The Virgin brand is one of the most recognizable brands in the world. Founded in 1970 by Sir Richard Branson as a mail order record business, the brand grew to a portfolio of over 200 branded companies at some point, with more than 50,000 employees in 50 countries. Presently, there are over 60 Virgin businesses in the world employing 71,000 employees in 35 countries.

The Virgin brand portfolio follows the endorser model being made up of individual and distinct product brands, which are linked together by the endorsing parent brand ‘Virgin’. What makes Virgin quite unusual is that its portfolio brands come from very diverse fields. In fact every year, Virgin enters and pulls out of multiple markets. Virgin Companies have included Virgin Money, Virgin Atlantic, Virgin America, Virgin Mobile, Virgin Trains, Virgin Active, and many, many more.

What ties all of this together in an unlikely mix is the core brand idea behind Virgin. The name Virgin is used to represent the idea of the company being a virgin in every business they enter. Virgin’s brand promise is to be the ‘champion of the consumer’ going into categories where the needs of consumers are not well met and innovate those spaces with a strong focus on customer service. Such a high-level brand promise has potential relevance across an array of industries, and having such a diverse portfolio of brands comes with its advantages and disadvantages.

The Virgin brand is very strong and closely linked with its founder Richard Branson. With charming charisma and numerous publicity stunts like crossing the world in a hot air balloon, Sir Richard Branson and the Virgin brand have become cultural phenomena. The lending/endorsing power of the brand name allows these new business to kick off with a firm foundation of high brand equity. However, delivering on these promises can be challenging. Sometimes Virgin ventures into industries where the customers are already quite satisfied or the space is already full of irreverent rebel brands and thus the promise to provide a new innovative customer experience holds no merit. There have been many busts, such as Virgin Cola, Virgin Clothing, Virgin Brides and so on. These failures are counter balanced by the many successes within the Virgin portfolio, which give these new brands a fighting chance to become successful over time. But these failures if they occur frequently would eventually lead to a weakening of the Virgin brand.

The brand led by Richard Branson has proven adept at handling crises, as shown in the Virgin Galactic test flight disaster in 2014. Branson was quick to go to the site of the crash as well as speak to the public and media taking full responsibility and vowing to find out what went wrong so Virgin can ensures such doesn’t happen again. In the face of tragedy, Branson and the Virgin brand showed accountability, transparency and strong leadership.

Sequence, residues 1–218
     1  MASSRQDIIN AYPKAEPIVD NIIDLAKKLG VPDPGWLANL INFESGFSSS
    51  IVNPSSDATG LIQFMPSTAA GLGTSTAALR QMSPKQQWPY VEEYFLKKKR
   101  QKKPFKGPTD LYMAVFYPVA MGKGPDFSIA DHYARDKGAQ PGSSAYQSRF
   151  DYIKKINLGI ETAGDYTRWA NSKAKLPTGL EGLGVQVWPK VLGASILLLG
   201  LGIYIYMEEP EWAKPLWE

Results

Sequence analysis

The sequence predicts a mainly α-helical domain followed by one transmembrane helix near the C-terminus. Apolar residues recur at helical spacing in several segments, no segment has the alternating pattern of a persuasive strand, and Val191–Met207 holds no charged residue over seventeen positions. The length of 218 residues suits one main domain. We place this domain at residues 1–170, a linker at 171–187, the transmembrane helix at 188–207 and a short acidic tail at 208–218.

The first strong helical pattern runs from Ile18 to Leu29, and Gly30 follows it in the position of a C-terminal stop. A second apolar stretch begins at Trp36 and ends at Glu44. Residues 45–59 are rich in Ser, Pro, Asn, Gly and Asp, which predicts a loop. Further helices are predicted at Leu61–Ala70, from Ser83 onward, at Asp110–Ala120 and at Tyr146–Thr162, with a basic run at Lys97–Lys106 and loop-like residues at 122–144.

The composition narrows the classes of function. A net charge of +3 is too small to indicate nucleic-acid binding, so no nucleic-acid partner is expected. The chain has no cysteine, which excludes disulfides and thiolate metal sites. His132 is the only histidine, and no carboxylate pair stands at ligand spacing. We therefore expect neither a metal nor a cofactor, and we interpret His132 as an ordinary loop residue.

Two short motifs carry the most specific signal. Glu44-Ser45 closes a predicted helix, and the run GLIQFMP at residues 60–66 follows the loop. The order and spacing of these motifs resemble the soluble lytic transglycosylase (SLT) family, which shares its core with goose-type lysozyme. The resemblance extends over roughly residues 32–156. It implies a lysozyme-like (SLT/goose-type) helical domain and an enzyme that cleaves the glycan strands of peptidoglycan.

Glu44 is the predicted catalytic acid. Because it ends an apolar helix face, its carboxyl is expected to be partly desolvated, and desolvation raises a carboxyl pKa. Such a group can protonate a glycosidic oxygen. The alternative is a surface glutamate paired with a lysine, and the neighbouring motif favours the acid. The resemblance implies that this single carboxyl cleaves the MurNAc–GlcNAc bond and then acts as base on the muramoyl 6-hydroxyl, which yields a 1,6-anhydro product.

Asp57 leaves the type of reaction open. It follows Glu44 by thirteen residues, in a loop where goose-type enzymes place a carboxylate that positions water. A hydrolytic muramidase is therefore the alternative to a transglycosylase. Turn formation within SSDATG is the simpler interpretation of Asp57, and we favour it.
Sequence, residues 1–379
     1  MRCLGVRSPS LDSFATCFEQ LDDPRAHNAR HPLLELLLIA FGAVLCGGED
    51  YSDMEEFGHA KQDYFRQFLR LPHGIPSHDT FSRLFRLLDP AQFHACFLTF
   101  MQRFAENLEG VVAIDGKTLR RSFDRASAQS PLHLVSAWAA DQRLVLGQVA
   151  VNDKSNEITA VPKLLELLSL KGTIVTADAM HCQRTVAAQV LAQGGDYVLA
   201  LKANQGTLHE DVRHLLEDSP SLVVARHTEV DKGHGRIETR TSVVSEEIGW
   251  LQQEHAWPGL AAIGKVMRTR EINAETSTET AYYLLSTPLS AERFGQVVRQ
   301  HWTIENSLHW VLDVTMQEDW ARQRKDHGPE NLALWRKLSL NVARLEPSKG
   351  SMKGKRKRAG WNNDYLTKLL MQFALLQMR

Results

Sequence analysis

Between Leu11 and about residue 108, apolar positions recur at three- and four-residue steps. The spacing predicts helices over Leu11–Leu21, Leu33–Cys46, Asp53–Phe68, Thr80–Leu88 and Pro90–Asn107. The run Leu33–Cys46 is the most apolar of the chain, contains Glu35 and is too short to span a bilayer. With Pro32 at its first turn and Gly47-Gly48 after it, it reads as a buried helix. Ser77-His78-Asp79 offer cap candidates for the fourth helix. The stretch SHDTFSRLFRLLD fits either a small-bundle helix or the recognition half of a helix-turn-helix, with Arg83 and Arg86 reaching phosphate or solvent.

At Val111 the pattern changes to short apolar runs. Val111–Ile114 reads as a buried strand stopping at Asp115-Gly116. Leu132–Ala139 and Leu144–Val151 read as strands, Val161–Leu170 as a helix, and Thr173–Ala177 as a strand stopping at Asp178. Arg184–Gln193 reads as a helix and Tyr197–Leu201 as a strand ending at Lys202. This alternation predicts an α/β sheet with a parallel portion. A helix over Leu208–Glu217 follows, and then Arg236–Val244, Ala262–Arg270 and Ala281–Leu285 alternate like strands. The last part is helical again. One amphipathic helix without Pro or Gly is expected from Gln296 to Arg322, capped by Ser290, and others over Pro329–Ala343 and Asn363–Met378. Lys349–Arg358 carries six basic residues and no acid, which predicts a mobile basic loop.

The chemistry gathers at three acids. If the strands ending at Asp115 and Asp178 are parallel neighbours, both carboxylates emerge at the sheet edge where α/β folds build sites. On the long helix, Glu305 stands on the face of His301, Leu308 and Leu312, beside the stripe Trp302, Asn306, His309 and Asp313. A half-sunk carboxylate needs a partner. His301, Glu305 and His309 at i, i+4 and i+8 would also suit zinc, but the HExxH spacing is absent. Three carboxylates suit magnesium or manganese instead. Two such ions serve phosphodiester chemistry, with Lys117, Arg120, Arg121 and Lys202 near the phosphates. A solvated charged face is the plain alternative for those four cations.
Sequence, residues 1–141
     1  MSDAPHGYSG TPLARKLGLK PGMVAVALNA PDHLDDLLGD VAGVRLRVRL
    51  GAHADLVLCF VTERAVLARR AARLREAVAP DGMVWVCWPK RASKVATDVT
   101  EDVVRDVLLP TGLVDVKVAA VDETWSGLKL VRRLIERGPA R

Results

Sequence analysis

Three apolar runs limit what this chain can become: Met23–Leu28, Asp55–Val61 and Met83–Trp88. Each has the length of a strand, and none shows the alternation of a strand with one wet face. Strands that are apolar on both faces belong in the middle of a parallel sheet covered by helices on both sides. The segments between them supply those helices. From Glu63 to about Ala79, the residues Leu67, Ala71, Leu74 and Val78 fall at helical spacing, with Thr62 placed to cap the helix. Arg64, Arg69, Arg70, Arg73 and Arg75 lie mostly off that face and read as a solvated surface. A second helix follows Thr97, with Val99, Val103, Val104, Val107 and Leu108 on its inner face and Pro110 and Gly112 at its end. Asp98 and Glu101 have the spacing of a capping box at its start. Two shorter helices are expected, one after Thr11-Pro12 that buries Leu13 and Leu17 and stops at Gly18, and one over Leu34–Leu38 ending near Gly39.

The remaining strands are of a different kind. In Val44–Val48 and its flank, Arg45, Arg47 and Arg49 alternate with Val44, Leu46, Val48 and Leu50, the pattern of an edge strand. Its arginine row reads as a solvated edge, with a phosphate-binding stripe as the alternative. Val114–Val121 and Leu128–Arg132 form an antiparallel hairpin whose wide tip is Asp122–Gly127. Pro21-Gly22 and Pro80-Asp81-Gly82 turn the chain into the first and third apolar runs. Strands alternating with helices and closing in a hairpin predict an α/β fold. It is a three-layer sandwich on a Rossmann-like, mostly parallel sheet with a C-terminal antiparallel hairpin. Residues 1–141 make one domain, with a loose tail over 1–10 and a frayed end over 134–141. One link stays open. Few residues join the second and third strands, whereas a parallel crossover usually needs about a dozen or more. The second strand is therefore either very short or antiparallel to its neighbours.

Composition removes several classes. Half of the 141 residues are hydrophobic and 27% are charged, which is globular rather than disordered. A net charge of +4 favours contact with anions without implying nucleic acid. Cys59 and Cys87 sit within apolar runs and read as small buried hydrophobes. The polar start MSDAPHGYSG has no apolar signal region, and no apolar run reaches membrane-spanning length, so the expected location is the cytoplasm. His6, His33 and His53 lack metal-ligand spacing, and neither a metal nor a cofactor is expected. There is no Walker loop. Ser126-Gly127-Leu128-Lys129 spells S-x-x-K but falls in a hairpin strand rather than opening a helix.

As far as ethical practices and sustainability goes, many of the Virgin intiatives and companies have the mission of making the earth a more sustainable and better place to live. These include Virgin Earth Challenge and Virgin Pure

So back to the question that kicked off this post, is Virgin overextended? Is having such a diverse portfolio of brands a wise strategy in the long term? What are the possible long-term effects of having a brand that is so closely tied with its founder?

The Virgin brand has already pared back its portfolio retaining the most successful brands as well as the brands with the most potential within its main portfolio. These brands should leverage off the core competencies of the Virgin brand, which are innovation, great customer service, as well as a deep understanding of lifestyle and entertainment needs. They have the power to make seemingly mundane services exciting. For this portfolio to succeed, the role of each brand should be clearly defined in relation to the whole, and the goals of the portfolio as a whole should be clearly defined.

Newer and more diverse company interests could be grouped under a Venture Capital portfolio that serves as an ‘explorer’, looking for opportunities in markets that are underserved or otherwise locked into false monopolies by dominant players and disrupt those sectors. That would be the most effective application of the Virgin brand with the potential to create more ‘stars’ that can move on to the main portfolio.

The Virgin brand and way should also be firmly embedded within the corporate structure and supported on every level to ensure the brand promise lives beyond its founder.



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Feloni, R. 2014. Crisis Management Expert Explains How Richard Branson Can Bounce Back From Virgin Galactic Crash. Available: [2017, May 16]

Aaker D. 204. Brand Portfolio Strategy. Simon & Schuster, Inc: USA.


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